Can you give an appreciation of Thomas Gray's "Elegy Written in a Country Churchyard"?

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mwestwood's profile pic

mwestwood | College Teacher | (Level 3) Distinguished Educator

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Perhaps the most salient motif of Thomas is the idea of the Latin phrase that Thomas Gray evokes, momento mori; that is, "Remember that you must die."  As Gray ponders this sentiment, observing the modest graves in the "neglected spot," he concludes that in death there is no difference between the renowned and the common people.

In fact, as the poet continues his contemplation of the unknown people in this churchyard, he reflects that

Perhaps in this neglected spot is laid/Some heart once pregnant with celestial fire;/Hands, that the rod of empire might have swayed/or waked to ecstasy the living lyre.

But Knowledge to their eyes her ample page/Rich with the spoils of time did ne'er unroll;/Chill Penury repressed their noble rage,/And froze the genial current of the soul.

In other words, beneath these graves there may lie souls far nobler than those of the renowed graves.  Only lack of wealth and opportunity prevented their development.  And, yet, Gray continues, they may be all the nobler for not having reached fame since they lived purer and more honest lives:

Far from the madding crowd's* ignoble strife/Their sober wishes never learned to stray;/Along the cool, sequestered vale of life/They kept the noiseless tenor of their way.

In their nobility of soul, then, the common people buried in the graveyard are the equal, if not superior to others. This motif is an inspiring one that the reader can appreciate. At any rate, death, the great equalizer, has come to all.

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*(note)"Far from the madding crowd" is the title of a Thomas Hardy novel. 

 

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Ashley Kannan | Middle School Teacher | (Level 3) Distinguished Educator

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There is much in this rather lengthy work that can be appreciated.  The structure of heroic quatrains help to emphasize the purpose of the poem as a musing over the existence of life and the reality of death.  The opening lines bring to mind the image of something coming to its natural end.  The idea of the random visitor who is able to ponder about the nature of mortality and the lives led by others upon seeing a graveyard is a powerful one.  It is the most natural experience when coming to any such location and Gray identifies on what this resembles in terms of asking questions, postulating about the nature of existence, and wondering about how mortality and life are elements where there are only questions and, few, if any, answers.  The stillness, the end of the day, help to bring to light that when thinking about such issues, all other forms of thought cease as there are no more relevant topics than the one of life and death.  Gray captures the essence of this transferal on the part of the speaker to the lives once led as the graveyard is being studied.  The images of the "busy housewife" or "no children run to lisp their sire's return" help to bring to light the fact that when examining the death of others, human beings have a tendency to transfer their own experiences or hypothesize how their lives might have been.  This helps to bring a universal quality to the poem, for, again, it is quite natural to engage in this type of wonderment as there will be little to prove it being wrong.  Amidst this rumination, there are lines such as "The paths of glory lead but to the grave," helping to cement the idea that what is wondered about from a distance is an end that awaits all human beings, and thus reaffirming the meaning of such a thought process.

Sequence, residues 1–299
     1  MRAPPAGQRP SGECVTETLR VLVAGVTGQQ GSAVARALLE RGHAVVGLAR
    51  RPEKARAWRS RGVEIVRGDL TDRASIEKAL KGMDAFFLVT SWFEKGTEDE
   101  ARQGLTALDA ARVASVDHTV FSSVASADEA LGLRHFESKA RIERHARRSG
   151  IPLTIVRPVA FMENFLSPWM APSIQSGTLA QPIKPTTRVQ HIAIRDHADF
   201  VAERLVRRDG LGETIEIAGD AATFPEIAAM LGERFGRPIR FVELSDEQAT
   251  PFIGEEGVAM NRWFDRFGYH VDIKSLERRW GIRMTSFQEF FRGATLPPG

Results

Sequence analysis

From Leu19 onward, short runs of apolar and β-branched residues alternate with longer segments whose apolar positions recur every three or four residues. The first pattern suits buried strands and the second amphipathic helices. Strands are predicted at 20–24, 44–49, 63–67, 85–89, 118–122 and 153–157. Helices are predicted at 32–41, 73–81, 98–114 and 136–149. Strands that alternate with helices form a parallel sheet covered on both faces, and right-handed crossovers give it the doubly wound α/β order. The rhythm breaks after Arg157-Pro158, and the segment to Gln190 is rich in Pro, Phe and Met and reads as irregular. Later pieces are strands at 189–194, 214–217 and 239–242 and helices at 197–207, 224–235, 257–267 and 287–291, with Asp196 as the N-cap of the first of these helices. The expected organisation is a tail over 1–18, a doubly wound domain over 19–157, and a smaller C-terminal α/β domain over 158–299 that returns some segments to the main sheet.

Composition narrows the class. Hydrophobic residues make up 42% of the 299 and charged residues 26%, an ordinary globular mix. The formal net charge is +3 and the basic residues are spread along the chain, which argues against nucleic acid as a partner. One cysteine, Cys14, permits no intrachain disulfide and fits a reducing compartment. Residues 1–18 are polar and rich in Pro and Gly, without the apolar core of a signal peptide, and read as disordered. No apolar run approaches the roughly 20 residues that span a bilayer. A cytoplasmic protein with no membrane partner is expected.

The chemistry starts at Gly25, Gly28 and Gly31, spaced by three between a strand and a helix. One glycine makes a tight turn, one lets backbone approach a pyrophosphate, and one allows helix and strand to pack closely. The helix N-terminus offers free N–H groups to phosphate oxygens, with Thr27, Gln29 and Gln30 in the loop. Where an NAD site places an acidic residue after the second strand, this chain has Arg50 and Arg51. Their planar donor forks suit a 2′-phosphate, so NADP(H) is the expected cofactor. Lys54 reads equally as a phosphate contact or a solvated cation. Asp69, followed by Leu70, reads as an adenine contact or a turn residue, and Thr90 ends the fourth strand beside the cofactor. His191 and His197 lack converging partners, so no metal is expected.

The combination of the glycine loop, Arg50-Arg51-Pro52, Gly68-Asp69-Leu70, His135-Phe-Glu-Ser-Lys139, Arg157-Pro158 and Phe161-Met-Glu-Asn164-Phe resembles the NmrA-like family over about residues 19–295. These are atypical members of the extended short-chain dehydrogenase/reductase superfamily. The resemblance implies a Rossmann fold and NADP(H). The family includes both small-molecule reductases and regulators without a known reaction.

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ignorantas | Student, Undergraduate | eNotes Newbie

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Graveyard poetry is vain, empty, and useless (I meam what I say). If we all know what GOD says about death, I am sure this cacophony will lose its power in all human languages. There is no respect of person before GOD. He loves us all regardless of who or what we are. The problem with Man is Man himself: he believes and trusts in his perfect weakness and ignorance. And, above all, he thinks that he is "good" enough to judge his neighbour. Sorry it took Gray a whole poem to realise how miopic Man's sense of judgement is.   Fretzyours is certainly right to laugh at all this sh*t (...as if I knew his mind). But you all sound good...by the way, can somebody help me with some toilet tissue, please?

NB: Please do not question me about my source of inspiration because I am ignorant of it. There is no evidence in TRUTH.

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